Let us see what we can learn about effective administration in how the apostles handle a problem that arises in the church.

And let us seek to apply these principles in our own lives, families, and organizational involvements where we can.

Big Question:

What must we learn from the apostles about the effective administration of the growing church of our Lord Jesus Christ?

I.       Cycle One

          A.      Narrative (v. 1)

We don't know just how long a time has elapsed here since the apostles had appeared before the Sanhedrin and were let go with a flogging and a warning not to continue preaching the name of Jesus.

But 5:42 says they never stopped and 6:1 says the number of disciples continued to increase.

The idea is that the church is growing because of the obedience of the apostles and disciples to the H.S.

But even in the midst of obedience, problems can develop.

It is a symptom of our fallen humanity, even in the church, even with the presence of the H.S.

Certain problems happen just because of human pressure, growth, and change.

Here we must understand that these Grecian Jews are those who have resettled in Jerusalem as opposed to the natives of Jewish Palestine.

It was considered virtuous to be buried in the land of Israel.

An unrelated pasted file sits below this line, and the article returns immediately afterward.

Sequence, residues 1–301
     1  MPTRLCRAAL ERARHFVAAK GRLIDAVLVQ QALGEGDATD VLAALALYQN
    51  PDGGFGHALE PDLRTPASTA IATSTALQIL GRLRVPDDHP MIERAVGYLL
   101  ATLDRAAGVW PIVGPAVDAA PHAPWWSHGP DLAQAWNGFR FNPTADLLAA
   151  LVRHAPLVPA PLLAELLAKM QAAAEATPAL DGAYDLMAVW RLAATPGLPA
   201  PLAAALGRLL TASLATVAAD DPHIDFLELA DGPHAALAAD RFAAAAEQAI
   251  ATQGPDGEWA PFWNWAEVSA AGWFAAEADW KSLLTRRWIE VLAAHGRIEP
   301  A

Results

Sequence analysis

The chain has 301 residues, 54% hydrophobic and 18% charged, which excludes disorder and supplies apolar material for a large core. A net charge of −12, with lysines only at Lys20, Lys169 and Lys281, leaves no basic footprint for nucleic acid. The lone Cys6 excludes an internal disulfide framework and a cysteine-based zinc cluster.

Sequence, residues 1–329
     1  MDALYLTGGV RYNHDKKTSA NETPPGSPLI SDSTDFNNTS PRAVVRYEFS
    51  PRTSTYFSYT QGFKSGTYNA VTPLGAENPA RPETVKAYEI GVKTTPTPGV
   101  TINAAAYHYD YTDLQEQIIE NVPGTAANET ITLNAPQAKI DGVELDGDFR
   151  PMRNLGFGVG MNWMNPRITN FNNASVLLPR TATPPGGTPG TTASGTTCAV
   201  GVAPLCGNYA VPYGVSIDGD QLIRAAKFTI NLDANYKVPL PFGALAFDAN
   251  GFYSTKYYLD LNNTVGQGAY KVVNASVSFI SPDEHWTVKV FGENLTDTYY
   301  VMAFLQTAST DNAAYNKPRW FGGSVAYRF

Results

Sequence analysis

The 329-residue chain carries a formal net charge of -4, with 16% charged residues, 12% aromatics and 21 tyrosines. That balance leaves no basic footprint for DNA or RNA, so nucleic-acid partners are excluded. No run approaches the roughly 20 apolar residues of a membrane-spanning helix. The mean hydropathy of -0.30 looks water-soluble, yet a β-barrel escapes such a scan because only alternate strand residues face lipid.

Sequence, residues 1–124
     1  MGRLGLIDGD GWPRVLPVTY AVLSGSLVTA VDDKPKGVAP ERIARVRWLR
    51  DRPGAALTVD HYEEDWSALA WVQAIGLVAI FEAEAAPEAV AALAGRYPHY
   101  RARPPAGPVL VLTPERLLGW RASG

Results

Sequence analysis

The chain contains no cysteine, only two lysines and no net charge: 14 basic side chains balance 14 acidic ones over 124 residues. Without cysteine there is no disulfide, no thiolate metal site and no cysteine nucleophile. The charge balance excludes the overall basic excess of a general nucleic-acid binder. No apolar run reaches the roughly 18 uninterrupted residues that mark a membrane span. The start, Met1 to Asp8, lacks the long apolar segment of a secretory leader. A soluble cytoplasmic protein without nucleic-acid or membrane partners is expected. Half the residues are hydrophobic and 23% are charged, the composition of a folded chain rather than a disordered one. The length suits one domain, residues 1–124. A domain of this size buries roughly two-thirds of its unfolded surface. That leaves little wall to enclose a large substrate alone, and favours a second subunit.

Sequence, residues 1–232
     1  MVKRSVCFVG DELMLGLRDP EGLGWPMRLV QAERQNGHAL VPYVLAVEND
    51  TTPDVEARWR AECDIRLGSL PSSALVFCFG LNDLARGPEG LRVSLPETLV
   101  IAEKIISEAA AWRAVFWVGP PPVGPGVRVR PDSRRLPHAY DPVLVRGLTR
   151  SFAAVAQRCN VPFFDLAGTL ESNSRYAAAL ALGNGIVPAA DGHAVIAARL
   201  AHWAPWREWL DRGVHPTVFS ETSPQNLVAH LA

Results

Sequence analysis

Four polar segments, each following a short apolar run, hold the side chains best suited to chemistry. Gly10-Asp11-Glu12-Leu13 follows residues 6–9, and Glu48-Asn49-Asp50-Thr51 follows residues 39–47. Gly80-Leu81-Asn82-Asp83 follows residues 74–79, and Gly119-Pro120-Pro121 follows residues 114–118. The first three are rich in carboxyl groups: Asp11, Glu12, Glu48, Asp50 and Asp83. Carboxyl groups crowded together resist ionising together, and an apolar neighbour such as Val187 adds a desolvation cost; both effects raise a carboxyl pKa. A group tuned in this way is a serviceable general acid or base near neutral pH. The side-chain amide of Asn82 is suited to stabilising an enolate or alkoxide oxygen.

Many foreign Jews would come to spend their last days there, then die and leave widows.

So a disproportionate number of foreign Jewish widows lived in Jerusalem.

And this urban social problem spilled over into the church.

And the Bible mandates caring for widows who had no other means of support if they had no family nearby.

Both Judaism and the church took this responsibility seriously in contrast to Gentile cultures.

But the way the problem developed in the church was that this disproportionate number of Greek Jewish widows were being given second place to the Hebrew Jewish widows.

They were being discounted by the native power structure.

So here is a problem that threatened to poison the church.

Inequality was not right according to Christ's teaching.

If this problem were not to be handled, the whole enterprise of the church and its witness would be threatened.